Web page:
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in this issue ASA BUTTERFIELD BY MITCHELL NGUYEN MCCORMACK

Watch: Interview with Harry Schumacher of TAG Heuer

TRAINING DAY. Harry Schumacher, the customer service-training & technical advisor of TAG Heuer, came to Jakarta in October, 2015, to showcase the mechanical beauty of in-house movements

 

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TAG Heuer has a long history in the watchmaking industry. After anchoring itself in Indonesia with quite a number of boutiques and stores, the Swiss brand has now become a household name, with the younger generation and senior gentlemen alike becoming well with its horological reputation and innovations.

Nurturing that strong brand foundation is Harry Schumacher, the man behind both the customer service and training departments of TAG Heuer. His careful measures in handling the brand’s clients as well as improving the talents within the company who tinker and service the various timepieces are expressed in the way he converses with every curious individual about the brand’s values and his responsibilities.

 

“It is our first in-house calibre within the regular collection, apart from the haute horlogerie category”

 

As part of that is his trip to visit Jakarta in October, 2015, he was present at a special evening at the TAG Heuer boutique in Grand Indonesia. There, the multilingual advisor de-assembled the calibre 1887, an in-house movement mostly used in Carrera timepieces, in front of attending guests. “It’s a special movement,” Schumacher started off, “since it is our first in-house calibre within the regular collection, apart from the haute horlogerie category.”

 

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The calibre 1887 itself is actually not a novel invention. Designed back in late 2008 to 2009, it came into existence as a step toward a better TAG Heuer, one that consistently and continually pushes the envelope for technological advancement. “To produce a mechanical movement from scratch takes about four to five years. And back then, we didn’t have the machines and talents for it, so we did what we could do to save time,” he spoke candidly. Long story short, TAG Heuer acquired a basic design license from another company and significantly modified the construction to comply with its own particular watchmaking needs. “We did produce the main parts such as the main plate, bridges and oscillating weights—these are the more complex parts. The screws and cogwheels were bought from specialist companies. It might take 20 to 30 years for us to do it all independently,” Schumacher closed with a smile.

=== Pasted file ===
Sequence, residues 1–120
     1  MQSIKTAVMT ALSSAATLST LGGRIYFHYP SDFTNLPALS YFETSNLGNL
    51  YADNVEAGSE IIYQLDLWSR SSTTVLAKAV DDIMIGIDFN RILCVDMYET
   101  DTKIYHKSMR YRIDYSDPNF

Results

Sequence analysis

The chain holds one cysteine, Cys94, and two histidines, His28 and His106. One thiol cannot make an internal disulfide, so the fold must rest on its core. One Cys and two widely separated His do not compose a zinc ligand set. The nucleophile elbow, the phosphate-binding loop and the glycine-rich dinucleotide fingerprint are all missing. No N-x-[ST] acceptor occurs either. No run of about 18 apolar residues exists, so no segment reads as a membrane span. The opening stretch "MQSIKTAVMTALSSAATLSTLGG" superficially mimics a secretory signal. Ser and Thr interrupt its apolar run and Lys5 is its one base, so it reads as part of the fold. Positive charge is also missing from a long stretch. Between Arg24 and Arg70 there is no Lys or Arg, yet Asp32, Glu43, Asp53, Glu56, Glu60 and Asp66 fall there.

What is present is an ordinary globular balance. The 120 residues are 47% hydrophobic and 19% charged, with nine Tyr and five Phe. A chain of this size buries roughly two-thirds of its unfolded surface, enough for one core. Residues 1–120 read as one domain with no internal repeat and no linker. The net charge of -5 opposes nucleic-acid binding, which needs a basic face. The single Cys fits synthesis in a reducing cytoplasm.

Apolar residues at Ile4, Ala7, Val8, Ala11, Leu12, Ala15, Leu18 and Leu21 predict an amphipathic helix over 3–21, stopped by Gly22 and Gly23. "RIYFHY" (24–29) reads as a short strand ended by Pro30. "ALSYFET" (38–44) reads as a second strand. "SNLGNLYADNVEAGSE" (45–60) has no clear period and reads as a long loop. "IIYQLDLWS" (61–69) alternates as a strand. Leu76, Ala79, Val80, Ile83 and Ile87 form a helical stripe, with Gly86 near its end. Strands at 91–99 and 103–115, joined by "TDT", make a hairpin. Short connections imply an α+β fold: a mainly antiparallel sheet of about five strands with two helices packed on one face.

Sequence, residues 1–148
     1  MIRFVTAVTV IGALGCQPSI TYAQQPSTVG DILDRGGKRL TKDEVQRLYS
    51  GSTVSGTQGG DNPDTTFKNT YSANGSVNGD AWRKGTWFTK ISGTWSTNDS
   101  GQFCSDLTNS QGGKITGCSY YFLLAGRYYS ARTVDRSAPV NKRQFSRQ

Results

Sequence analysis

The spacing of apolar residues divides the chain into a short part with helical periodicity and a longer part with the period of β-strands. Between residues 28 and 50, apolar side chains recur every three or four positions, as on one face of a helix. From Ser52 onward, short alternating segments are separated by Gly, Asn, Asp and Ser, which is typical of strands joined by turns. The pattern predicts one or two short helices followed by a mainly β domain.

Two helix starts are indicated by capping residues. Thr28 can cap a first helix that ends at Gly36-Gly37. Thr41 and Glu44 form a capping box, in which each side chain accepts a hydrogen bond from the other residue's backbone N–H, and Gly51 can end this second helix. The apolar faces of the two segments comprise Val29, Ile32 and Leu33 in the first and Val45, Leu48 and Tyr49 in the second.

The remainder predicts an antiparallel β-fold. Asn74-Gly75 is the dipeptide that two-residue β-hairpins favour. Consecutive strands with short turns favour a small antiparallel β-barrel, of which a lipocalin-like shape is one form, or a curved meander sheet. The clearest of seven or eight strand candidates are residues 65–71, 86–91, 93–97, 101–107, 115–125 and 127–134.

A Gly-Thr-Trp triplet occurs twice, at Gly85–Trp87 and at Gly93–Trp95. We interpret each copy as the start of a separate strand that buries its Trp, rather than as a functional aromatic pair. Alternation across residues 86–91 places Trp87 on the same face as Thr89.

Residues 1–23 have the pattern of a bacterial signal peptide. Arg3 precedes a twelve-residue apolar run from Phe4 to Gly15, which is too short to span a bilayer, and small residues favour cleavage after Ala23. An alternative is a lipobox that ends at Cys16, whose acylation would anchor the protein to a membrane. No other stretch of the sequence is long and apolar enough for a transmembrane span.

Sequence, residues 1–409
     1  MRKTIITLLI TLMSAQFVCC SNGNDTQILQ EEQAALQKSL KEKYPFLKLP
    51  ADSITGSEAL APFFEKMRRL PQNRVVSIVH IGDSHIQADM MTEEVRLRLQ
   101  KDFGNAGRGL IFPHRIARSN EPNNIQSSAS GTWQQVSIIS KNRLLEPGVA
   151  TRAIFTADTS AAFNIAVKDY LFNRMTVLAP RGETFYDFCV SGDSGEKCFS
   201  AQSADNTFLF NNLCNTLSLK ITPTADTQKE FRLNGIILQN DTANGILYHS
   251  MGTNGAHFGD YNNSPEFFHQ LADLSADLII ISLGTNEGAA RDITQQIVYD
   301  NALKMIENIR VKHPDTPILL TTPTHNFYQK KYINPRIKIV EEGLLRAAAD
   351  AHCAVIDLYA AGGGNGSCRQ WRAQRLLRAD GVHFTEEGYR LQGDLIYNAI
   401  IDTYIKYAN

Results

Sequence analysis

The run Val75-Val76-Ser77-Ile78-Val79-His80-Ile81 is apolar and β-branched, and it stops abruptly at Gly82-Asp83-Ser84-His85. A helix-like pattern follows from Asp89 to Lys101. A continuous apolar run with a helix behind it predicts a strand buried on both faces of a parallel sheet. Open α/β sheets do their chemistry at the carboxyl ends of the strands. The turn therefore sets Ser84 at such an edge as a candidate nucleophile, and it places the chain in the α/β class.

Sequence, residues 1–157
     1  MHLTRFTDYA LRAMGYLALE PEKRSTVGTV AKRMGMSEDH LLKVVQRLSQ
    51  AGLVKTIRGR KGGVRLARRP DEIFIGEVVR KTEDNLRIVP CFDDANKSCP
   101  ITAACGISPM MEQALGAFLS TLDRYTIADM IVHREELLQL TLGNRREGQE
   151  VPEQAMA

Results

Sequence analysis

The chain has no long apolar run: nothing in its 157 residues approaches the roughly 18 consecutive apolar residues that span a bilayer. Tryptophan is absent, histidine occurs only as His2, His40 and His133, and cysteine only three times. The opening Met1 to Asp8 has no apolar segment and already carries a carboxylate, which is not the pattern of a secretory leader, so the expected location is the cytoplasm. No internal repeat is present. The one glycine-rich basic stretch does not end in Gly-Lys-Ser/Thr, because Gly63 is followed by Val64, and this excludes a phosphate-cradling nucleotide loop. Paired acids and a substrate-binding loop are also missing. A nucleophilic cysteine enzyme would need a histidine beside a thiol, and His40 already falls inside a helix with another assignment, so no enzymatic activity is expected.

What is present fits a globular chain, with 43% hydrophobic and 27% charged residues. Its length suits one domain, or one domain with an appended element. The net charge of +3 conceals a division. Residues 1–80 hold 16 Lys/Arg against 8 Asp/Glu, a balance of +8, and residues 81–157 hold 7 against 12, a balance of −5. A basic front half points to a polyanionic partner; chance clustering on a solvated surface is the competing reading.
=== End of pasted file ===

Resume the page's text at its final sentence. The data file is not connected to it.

That smile intrinsically relates to how the watchmaking business works in Switzerland. Considering the growth of the companies after the Quartz Crisis back in the ’70s, there is a strong network between them so that each would reciprocate the others with their respective technological contributions. As an example, the calibre 1887 is named after the year when TAG Heuer patented an important part for mechanical stopwatches called the oscillating pinion. Today, oscillating pinions are used not only in TAG Heuer’s timepieces but also by other watchmaking brands in Switzerland.

 

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Speaking of today’s watchmaking, one cannot elude the looming threat of high-tech smartwatches. While TAG Heuer already made a big announcement on their venture in this direction together with Intel and Android Wear, many pros and cons still weigh in on the whole idea. Does TAG Heuer have to jump on the bandwagon of smartwatches? Schumacher didn’t flinch a bit and took the bull by the horns by saying, “Which one is better: to get on the train when it starts moving or to run after it when it’s already departing?”

More than that, the Swiss advisor believed that TAG Heuer is trying to lead the way for other Swiss watch houses by collaborating with those technological giants. “So keep an eye on TAG Heuer always. It’s still a ‘hot’ brand, no matter what,” he went on while wearing a smile that once again piqued our attention.

 

“Which one is better: to get on the train when it starts moving or to run after it when it’s already departing?”

 

Asked on which timepiece from the company that he liked the most, Schumacher didn’t hesitate to pick out the Heuer 02. Essentially a Carrera Chronograph Tourbillon, this exceptional timepiece is both good-looking and aggressive in terms of pricing—fetching only 15,000 Swiss Franc (at the time of the interview). Just before we got carried away with more talk on personal preferences, one trivial question finally hit the elephant in the room: “Your name … Schumacher. Are you related to the German racer?”

He paused for a second, hesitating to answer. “Yes.” For a moment, you could hear a pin drop; but Schumacher quickly set things right. “No, I was just kidding. But remember that Michael Schumacher’s brother named Ralf who’s also a racer? My brother’s name is also Ralf Schumacher. He’s heard that question more times than I do,” he laughed heartily. It was definitely a fitting end to a great evening in Jakarta, as the watch maestro enjoyed his time surrounded by a bevy of local watch enthusiasts.

 

Text: Chris Andre.
Photography: Evan Praditya.

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